Don't Retire Early Unless You Can Answer "Yes" to These 4 Questions

Retiring early is a dream for many, but jumping the gun by retiring too early can leave you pinching pennies at the end of your life when your savings run dry. Before you decide to retire, it's important to make sure all of your finances are in order to avoid this grim picture.

Here are four questions you should be able to answer "yes" to if you're truly ready for a premature retirement.

1. Are your debts paid off?

It's not that you can't retire with debt, but it is taking a risk.

You'll have to pay those balances using your retirement savings, and there are several ways that can backfire. If it's revolving debt, like credit cards, the debt could spiral out of control and you could end up spending your life's savings just to get rid of the balance. If you are still paying off your house and an unexpected expense arises, like sudden illness, you may have no choice but to drain your retirement accounts to keep from losing the roof over your head.

It's best to go into retirement debt-free, so before you take the plunge when you still have a mortgage or credit card bills, consider delaying retirement until you've paid down the debt.

2. Do you have more savings than you need for your retirement goals?

It's impossible to predict exactly how much you will need for retirement because there are so many variables, including your life expectancy, investment rate of return and the inflation rate. But you can, and should, make a realistic estimate how much you'll need to live on.

Begin by estimating your life expectancy. Average life expectancy is currently 78.7 years, but yours may be lower or higher based on your current health, genes and lifestyle choices.

Next, consider inflation. Your money today won't go as far tomorrow. A good estimate for inflation is 3% per year.

Once you have these numbers, calculate your expected annual living expenses in retirement, remembering to add 3% for inflation each year. So if your living expenses this year were $35,000, next year, they would be $36,050, and so on. Continue this process for every year from now until the end of your estimated life expectancy. Or you can just use a retirement calculator. Add some cushion to this amount in case your money doesn't go as far as you'd hoped or you encounter unexpected costs.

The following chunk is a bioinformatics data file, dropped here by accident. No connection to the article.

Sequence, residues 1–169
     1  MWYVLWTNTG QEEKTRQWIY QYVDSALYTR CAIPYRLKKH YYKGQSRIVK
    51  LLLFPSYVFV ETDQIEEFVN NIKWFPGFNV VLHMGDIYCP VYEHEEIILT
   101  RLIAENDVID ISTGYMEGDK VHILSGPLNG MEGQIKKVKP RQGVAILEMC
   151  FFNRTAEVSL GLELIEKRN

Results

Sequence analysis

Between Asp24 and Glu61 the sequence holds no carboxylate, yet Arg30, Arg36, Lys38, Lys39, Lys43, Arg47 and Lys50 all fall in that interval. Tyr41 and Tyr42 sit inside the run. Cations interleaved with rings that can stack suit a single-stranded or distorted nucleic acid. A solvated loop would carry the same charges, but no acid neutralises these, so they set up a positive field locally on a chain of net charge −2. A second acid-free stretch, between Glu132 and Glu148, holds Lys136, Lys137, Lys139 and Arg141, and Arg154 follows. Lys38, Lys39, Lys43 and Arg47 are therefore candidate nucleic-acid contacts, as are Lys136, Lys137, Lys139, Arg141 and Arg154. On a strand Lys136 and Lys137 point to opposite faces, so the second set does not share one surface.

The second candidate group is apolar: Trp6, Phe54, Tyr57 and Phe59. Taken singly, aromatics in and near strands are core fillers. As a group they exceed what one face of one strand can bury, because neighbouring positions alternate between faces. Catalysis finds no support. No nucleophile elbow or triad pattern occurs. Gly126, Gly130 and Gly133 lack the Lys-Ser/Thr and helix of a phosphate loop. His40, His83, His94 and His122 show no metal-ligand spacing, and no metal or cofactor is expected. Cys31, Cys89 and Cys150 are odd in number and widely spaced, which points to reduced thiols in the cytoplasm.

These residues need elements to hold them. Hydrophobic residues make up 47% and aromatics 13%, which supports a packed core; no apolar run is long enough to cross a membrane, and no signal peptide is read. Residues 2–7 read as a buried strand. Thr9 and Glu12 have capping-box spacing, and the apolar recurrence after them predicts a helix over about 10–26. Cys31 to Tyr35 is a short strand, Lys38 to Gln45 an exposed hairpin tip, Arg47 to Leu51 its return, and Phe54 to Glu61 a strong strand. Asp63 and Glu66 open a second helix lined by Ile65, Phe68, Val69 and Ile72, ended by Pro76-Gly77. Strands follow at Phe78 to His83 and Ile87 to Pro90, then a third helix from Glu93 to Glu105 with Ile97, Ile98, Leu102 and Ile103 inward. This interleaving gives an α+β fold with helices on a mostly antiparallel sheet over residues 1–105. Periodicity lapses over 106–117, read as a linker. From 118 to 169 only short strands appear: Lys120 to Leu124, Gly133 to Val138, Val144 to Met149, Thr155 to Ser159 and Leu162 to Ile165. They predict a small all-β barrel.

Finally, subtract the amount you expect to receive from Social Security and any employer 401(k) match to figure out how much you need to save on your own.

3. Do you have a plan for healthcare?

Your retirement savings isn't just for general living expenses. It also has to be enough to protect you when unexpected expenses arise, like a serious illness or need for long-term care. The average couple retiring at age 65 today will need $280,000 to cover healthcare costs throughout their retirement, according to Fidelity. If you plan to retire before you're 65, you'll need even more.

Medicare will cover some of your medical costs in retirement, but you won't even qualify until you're 65. If you retire before then, you'll need health insurance either through a spouse or by purchasing a policy on your own.

Even when you do qualify for Medicare, it won't cover everything. There are still deductibles and copays that could add up to thousands of dollars if you become seriously ill or injured. If you haven't given much thought to the cost of medical care in the past, you should reevaluate your retirement savings goal to make sure you'd have health costs covered and delay retirement until you've saved that much.

4. Can you make withdrawals without penalty?

With few exceptions, you cannot withdraw money from your retirement accounts unless you're 59 1/2 or older. Violating this rule will result in a 10% early withdrawal penalty, in addition to owing income tax on the distribution. Unless you absolutely have to, this is not a good idea. If 59 1/2 is a long way off for you, you may be better off opening a non-retirement investment account and storing some money there or otherwise leave it in your savings account. You can live off of this until you're eligible to take retirement account distributions without penalty.

If you can definitively answer "yes" to these four questions, congratulations! You're on track for a happy early retirement. But if you're not, you're better off waiting a little while longer until you're really financially ready.

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